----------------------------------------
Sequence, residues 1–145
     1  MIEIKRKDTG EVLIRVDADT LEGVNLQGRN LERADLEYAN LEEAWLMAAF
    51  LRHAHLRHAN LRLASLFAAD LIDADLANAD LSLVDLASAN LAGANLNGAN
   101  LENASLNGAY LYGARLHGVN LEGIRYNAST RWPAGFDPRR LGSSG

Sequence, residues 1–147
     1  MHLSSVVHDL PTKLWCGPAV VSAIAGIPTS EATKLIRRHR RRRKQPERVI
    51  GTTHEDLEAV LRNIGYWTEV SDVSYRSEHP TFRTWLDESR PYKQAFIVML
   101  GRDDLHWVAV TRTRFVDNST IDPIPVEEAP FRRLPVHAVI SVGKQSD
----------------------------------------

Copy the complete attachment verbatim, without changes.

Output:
Sequence, residues 1–145
     1  MIEIKRKDTG EVLIRVDADT LEGVNLQGRN LERADLEYAN LEEAWLMAAF
    51  LRHAHLRHAN LRLASLFAAD LIDADLANAD LSLVDLASAN LAGANLNGAN
   101  LENASLNGAY LYGARLHGVN LEGIRYNAST RWPAGFDPRR LGSSG

Sequence, residues 1–147
     1  MHLSSVVHDL PTKLWCGPAV VSAIAGIPTS EATKLIRRHR RRRKQPERVI
    51  GTTHEDLEAV LRNIGYWTEV SDVSYRSEHP TFRTWLDESR PYKQAFIVML
   101  GRDDLHWVAV TRTRFVDNST IDPIPVEEAP FRRLPVHAVI SVGKQSD